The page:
Can I get a free eye test?

You can pay around £25 for an eye test, it’s worth checking if you can claim a free one.

A pair of glasses held next to the diagram of the Snellen vision test
(Image credit: Getty images)

Almost three in five people in the UK wear spectacles, and one in 10 wear contact lenses. But millions of us missed out on eye tests due to the pandemic - here’s what you need to know about free eye tests.

You might qualify for a free NHS eye test depending on your age, health and financial situation. And if you pay for a sight test but later find you could have got it for free, you could even be able to claim a refund.  

Here we explain who qualifies for a free eye test and how you can claim your money back if you’ve paid for an eye test when it should have been free.

Who qualifies for a free eye test?

According to the NHS - you are entitled to a free sight test if you are –

  • Under 16
  • Between 16 – 18 and in full time education
  • 60 or over
  • Registered as partially sighted or blind
  • Have been diagnosed with diabetes or glaucoma
  • Age 40 or over and a member of your immediate family has been diagnosed with glaucoma
  • If you’ve been told by an eye specialist you’re at risk of glaucoma
  • If you are a prisoner on leave from prison
  • Eligible for a NHS complex lens voucher in which case your optician can advise you further 
  • Are entitled to, or named on, a valid NHS tax credit exemption certificate
  • On a low income and named on a valid HC2 or HC3 certificate

Free eye tests if you get benefits

If you or your partner claim any of the following benefits or payments you can get a free eye test.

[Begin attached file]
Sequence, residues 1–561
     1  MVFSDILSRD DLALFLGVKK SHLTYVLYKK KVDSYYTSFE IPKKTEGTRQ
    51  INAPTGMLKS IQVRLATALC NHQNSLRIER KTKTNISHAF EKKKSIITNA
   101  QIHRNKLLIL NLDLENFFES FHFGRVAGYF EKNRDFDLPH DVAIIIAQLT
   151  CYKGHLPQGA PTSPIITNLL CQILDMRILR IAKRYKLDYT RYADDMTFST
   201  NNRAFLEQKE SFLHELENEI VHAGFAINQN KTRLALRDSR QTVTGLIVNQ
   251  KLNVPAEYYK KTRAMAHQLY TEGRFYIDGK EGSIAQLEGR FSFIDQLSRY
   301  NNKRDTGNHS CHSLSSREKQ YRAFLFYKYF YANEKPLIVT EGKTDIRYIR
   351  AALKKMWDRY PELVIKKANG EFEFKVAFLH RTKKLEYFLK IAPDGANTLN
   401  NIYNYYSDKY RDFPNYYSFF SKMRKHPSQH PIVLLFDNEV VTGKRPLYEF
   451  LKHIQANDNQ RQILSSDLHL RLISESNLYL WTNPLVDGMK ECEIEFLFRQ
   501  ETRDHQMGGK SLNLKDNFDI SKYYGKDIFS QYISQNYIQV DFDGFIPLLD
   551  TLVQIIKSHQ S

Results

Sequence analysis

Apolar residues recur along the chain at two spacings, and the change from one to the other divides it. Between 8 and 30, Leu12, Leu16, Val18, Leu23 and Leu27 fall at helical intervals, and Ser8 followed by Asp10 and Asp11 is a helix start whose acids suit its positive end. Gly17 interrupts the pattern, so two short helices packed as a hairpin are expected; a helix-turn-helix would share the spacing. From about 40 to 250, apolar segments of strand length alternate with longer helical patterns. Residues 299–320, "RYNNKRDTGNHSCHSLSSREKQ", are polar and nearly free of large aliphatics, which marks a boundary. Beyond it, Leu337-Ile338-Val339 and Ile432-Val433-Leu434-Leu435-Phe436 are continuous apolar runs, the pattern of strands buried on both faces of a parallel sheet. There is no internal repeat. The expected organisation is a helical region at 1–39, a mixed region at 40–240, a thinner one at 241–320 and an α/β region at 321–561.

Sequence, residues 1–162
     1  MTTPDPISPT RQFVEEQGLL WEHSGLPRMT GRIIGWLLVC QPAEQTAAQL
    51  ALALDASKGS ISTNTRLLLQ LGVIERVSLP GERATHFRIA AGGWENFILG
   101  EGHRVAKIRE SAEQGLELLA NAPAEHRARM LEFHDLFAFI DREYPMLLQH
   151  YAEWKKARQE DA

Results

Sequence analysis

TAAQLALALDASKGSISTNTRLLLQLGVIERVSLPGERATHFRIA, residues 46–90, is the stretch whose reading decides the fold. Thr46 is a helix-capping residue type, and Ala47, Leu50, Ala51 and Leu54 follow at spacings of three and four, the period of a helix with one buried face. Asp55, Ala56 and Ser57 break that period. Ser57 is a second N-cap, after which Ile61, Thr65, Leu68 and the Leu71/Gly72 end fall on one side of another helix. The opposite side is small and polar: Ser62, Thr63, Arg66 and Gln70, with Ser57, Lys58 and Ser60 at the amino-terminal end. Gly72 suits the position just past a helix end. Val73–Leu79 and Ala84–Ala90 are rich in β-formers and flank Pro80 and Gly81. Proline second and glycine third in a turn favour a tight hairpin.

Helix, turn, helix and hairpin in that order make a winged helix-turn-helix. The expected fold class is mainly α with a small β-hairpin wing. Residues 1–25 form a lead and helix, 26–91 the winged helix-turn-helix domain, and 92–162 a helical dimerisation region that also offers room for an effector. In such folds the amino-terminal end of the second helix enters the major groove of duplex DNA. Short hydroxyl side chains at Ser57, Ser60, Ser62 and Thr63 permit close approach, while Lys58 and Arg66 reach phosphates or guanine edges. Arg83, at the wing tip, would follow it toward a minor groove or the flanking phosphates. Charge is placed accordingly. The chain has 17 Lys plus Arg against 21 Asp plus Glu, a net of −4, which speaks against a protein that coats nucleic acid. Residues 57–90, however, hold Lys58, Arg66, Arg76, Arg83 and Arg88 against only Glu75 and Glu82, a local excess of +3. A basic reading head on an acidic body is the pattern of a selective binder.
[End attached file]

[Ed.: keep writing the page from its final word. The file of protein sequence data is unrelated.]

• Income Support
  • Income-related Employment and Support Allowance
  • Income-based Jobseeker’s Allowance
  • Pension Credit Guarantee Credit
  • Universal Credit

You can also qualify for free eye tests if you are under 20 and the dependent of someone receiving any of these benefits. 

As well as a free sight test, you might also be able to claim an optical voucher to put towards the cost of any glasses or contact lenses you need.

You can ask your boss to pay for your eye test

Depending on the job you do you can ask your boss to cover the cost of your eye test.  It applies if you’re expected to work on a laptop or computer for at least one hour or more each day.  

Under Health and Safety regulations your employer must pay for a sight test if you ask for one, although you might be asked to arrange this yourself and claim back the cost.

How to claim your free eye test

If you’re entitled to a free test – you can get one every two years - unless your optician wants to see you sooner.  

When you book an appointment your optician will need to fill in some forms so you don’t have to pay.  

If you qualify due to claiming benefits they might need to see some proof of this.

You can get a refund for your eye test

You might be able to claim a refund if you’ve already paid for an eye test, but later find you could have got a free one. 

And if you book an eye test, but are unsure if you’re entitled to a free one, keep the receipt as you could be able to get your money back.

In both cases, you need to download, complete and return a HC5(O) refund form from the NHS website along with your till receipt in England. Claims must be made within three months of paying for your eye test. There are slightly different forms and rules if you live in Scotland and Wales.

Free eye tests at home

If you’re entitled to a free eye test and have an illness or condition that makes it hard to leave the house, you can arrange to have your eye test at home.  

Specsavers provide this service at no extra cost, however not all high street opticians offer a mobile service.  

Other specialist mobile services include OutsideClinic which is based in Swindon but offers services across England, Scotland and Wales.  If you’re not entitled to a free eye test – it costs £60.

Sue Hayward

Sue Hayward is a personal finance and consumer journalist, broadcaster and author who regularly chats on TV and Radio on ways to get more power for your pound.  Sue’s written for a wide range of publications including the Guardian, i Paper, Good Housekeeping, Lovemoney and My Weekly. Cats, cheese and travel are Sue’s passions away from her desk!